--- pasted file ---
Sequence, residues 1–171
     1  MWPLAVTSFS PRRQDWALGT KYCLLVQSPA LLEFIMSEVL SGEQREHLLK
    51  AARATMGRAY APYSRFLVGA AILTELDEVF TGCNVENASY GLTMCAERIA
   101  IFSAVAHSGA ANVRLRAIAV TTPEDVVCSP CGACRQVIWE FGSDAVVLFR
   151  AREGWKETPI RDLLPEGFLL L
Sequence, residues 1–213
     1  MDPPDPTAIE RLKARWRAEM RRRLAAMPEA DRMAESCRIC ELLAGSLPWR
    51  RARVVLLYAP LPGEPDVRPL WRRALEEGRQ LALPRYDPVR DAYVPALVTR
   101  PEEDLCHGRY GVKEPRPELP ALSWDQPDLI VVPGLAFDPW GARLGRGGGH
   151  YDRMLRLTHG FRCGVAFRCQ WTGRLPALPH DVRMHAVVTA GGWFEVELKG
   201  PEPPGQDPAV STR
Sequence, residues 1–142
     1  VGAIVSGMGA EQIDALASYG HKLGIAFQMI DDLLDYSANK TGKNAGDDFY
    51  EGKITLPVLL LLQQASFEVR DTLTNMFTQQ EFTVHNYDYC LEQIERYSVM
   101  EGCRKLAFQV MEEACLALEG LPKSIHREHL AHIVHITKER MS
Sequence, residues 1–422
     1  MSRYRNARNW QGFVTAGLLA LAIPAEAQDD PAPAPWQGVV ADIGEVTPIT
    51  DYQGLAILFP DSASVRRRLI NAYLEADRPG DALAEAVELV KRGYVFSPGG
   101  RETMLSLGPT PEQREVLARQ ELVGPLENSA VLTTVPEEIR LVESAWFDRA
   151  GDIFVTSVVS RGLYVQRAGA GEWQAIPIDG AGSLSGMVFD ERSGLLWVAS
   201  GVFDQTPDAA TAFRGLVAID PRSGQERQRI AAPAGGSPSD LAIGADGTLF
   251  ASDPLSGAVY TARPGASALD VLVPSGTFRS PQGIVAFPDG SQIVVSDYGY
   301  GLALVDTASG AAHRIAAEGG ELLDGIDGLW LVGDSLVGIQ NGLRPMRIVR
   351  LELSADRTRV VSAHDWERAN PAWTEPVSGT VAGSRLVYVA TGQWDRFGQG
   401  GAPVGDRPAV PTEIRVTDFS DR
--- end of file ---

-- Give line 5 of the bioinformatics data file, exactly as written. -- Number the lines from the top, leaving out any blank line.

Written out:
   151  AREGWKETPI RDLLPEGFLL L